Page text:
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Leon

Landing

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I spent a few hours at Manchester Airport viewing park earlier in the week as I had never been before. deleted everything when I got back, too far away and the heat haze ruined almost every shot.

 

these two were rescued and heavily cropped but you can see why.... would a faster shutter speed get rid of heat haze?  shot with a canon 70D, 70-200 F4 with a 1,4x extender on giving m 420mm.

500/th sec F8 ISO 100

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From what I've read Leon, it seems the lower and further away from your subject the more likely you'll get more heat haze, the land and tarmac heat up quickly and make the ground temp far more than the air temp, so early mornings or late evenings might be better.

I've just looked at an Airline Photography forum and they suggested a polarising filter and photographing when the plane is taking off.

I've never tried this myself, so maybe someone with a bit more knowledge will come along....

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Speaking through a physicist's hat (rather than a photographer's) here.

Heat haze is caused by small-scale variations in refractive index in the air driven by the hot surface (the runway) leading to turbulent convection -- i.e there's a mixture of hot rising air and cooler falling air replacing it and the cooler air is denser and has a higher refractive index.

I don't think exposure time will make much difference as the timescale of the variations is likely to be of the order of 1/10 s rather than 1/1000. I don't understand the physics behind using a polarizing filter or shooting planes taking off. I think the best option would be early morning before the tarmac has heated up.

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I think the idea behind photographing the plane as it's taken off is that it will be less affected by heat haze. I know in F1 they always mention the air temp and the track (surface) temp and I'm pretty sure I remember reading that metrological stations have their thermometers a certain height above ground (1.5m seems to come to mind). So the higher the plane is from the ground the less likely you are to get heat haze.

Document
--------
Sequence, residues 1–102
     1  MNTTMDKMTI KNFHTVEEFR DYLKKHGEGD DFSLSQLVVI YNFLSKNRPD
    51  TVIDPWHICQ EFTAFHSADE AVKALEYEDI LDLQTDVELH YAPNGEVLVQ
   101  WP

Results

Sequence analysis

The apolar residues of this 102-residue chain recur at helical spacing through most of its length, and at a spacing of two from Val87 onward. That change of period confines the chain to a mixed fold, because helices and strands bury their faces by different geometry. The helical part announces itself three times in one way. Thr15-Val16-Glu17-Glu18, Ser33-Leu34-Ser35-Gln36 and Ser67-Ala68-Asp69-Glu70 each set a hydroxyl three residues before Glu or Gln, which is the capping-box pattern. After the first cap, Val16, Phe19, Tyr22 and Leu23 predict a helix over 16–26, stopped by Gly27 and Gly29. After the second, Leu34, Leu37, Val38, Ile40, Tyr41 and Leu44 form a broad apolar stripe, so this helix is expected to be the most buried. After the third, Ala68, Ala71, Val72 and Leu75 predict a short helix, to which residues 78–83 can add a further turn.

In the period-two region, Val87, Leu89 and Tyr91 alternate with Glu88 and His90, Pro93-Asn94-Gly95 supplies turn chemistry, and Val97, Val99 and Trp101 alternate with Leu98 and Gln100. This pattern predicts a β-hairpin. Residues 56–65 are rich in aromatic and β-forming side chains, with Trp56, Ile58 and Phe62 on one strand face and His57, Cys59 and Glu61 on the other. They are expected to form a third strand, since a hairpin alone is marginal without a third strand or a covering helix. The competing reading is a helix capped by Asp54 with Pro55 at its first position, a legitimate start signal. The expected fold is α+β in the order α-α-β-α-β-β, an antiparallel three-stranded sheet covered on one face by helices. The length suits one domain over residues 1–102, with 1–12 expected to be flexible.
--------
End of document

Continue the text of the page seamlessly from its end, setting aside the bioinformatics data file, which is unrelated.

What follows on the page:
I'm not a physicist, but I do remember reading the surface temp can be a very lot higher than the air temp because the ground warms faster than the air.

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I sometimes go to watch the US Air force jet fighters at Lakenheath Leon, ground heat haze is always a problem even quite early, but the take off shots can actually look better as the haze and the heat from the engines give a good effect, likewise on a damp day, you get all sorts of vapour clouds around air intakes and wingtips that really look good.

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Hi Leon

 I think your extender is slowing the shutter down and I certainly wouldn't add a CP filter with your set up as you can loose 2 stops using a CP filter. What is the lowest/widest f. number you able to get with the extender and are using aperture or full manual?

As for the haze - the later versions of Photoshop have a de-haze slider which can help.

You could of course go for something where you need a slow shutter to catch the blur...

796232276_Leader210-04.jpg.b077aeb5788e5c31c62f42698c91dda2.jpg

 

Edited by colinb

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On 09/08/2018 at 07:43, colinb said:

Hi Leon

 I think your extender is slowing the shutter down and I certainly wouldn't add a CP filter with your set up as you can loose 2 stops using a CP filter. What is the lowest/widest f. number you able to get with the extender and are using aperture or full manual?

As for the haze - the later versions of Photoshop have a de-haze slider which can help.

You could of course go for something where you need a slow shutter to catch the blur...

796232276_Leader210-04.jpg.b077aeb5788e5c31c62f42698c91dda2.jpg

 

Hi Colin, with the 1.4 my lowest F number is 5.6

there are not many prop propelled airliners these days 😛

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